Chapter-18 - M18_STAL6329_06_SE_C18.QXD 2/22/08 8:45 PM...

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18-1 D ISTRIBUTED P ROCESS M ANAGEMENT 18.1 Process Migration Motivation Process Migration Mechanisms Negotiation of Migration Eviction Preemptive versus Nonpreemptive Transfers 18.2 Distributed Global States Global States and Distributed Snapshots The Distributed Snapshot Algorithm 18.3 Distributed Mutual Exclusion Distributed Mutual Exclusion Concepts Ordering of Events in a Distributed System Distributed Queue A Token-Passing Approach 18.4 Distributed Deadlock Deadlock in Resource Allocation Deadlock in Message Communication 18.5 Summary 18.6 Recommended Reading 18.7 Key Terms, Review Questions, and Problems CHAPTER M18_STAL6329_06_SE_C18.QXD 2/22/08 8:45 PM Page 18-1
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18-2 CHAPTER 18 / DISTRIBUTED PROCESS MANAGEMENT This chapter examines key mechanisms used in distributed operating systems. First we look at process migration, which is the movement of an active process from one ma- chine to another. Next, we examine the question of how processes on different systems can coordinate their activities when each is governed by a local clock and when there is a delay in the exchange of information. Finally, we explore two key issues in distributed process management: mutual exclusion and deadlock. 18.1 PROCESS MIGRATION Process migration is the transfer of a sufficient amount of the state of a process from one computer to another for the process to execute on the target machine. Interest in this concept grew out of research into methods of load balancing across multiple networked systems, although the application of the concept now extends beyond that one area. In the past,only a few of the many papers on load distribution were based on true implementations of process migration, which includes the ability to preempt a process on one machine and reactivate it later on another machine. Experience showed that preemptive process migration is possible, although with higher overhead and complex- ity than originally anticipated [ARTS89a]. This cost led some observers to conclude that process migration was not practical. Such assessments have proved too pessimistic. New implementations, including those in commercial products, have fueled a continu- ing interest and new developments in this area.This section provides an overview. Motivation Process migration is desirable in distributed systems for a number of reasons [SMIT88, JUL88], including: Load sharing: By moving processes from heavily loaded to lightly loaded sys- tems, the load can be balanced to improve overall performance. Empirical data suggest that significant performance improvements are possible [LELA86, CABR86]. However, care must be taken in the design of load-balancing algo- rithms. [EAGE86] points out that the more communication necessary for the distributed system to perform the balancing, the worse the performance be- comes.A discussion of this issue, with references to other studies, can be found in [ESKI90].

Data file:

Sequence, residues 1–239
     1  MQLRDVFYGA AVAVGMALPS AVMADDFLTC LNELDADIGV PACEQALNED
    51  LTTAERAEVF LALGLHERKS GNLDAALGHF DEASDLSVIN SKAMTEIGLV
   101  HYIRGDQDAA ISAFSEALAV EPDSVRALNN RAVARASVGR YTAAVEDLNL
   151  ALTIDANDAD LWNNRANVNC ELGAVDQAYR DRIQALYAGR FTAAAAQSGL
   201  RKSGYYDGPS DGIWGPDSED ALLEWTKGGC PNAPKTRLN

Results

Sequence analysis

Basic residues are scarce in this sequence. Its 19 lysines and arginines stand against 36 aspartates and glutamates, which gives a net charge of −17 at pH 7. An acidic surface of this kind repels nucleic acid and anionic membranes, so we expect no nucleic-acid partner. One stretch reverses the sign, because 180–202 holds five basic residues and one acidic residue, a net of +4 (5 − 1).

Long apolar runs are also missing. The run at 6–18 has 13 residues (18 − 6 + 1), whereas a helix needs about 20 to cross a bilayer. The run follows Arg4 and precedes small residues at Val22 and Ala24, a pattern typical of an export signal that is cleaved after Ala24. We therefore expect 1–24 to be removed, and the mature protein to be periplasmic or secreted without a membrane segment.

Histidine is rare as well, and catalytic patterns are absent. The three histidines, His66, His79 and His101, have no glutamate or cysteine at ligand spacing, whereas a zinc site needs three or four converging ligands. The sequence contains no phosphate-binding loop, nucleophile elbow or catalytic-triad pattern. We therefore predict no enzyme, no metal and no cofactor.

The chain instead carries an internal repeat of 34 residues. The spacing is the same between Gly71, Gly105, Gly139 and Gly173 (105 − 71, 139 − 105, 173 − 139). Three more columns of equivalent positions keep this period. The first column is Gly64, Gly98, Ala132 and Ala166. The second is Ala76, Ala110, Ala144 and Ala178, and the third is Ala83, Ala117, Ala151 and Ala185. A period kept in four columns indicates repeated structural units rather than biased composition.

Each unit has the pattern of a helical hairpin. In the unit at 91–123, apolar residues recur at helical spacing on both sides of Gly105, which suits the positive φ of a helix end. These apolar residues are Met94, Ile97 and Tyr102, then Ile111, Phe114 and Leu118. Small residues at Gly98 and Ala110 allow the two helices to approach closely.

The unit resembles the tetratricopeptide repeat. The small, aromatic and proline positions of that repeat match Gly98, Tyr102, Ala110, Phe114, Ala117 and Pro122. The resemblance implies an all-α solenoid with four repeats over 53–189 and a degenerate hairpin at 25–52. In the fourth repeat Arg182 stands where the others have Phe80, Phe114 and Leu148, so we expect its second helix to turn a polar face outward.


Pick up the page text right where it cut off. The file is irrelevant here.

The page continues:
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This note was uploaded on 09/13/2008 for the course CSCI 4020u taught by Professor Jimcar during the Spring '08 term at Trinity University.

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Chapter-18 - M18_STAL6329_06_SE_C18.QXD 2/22/08 8:45 PM...

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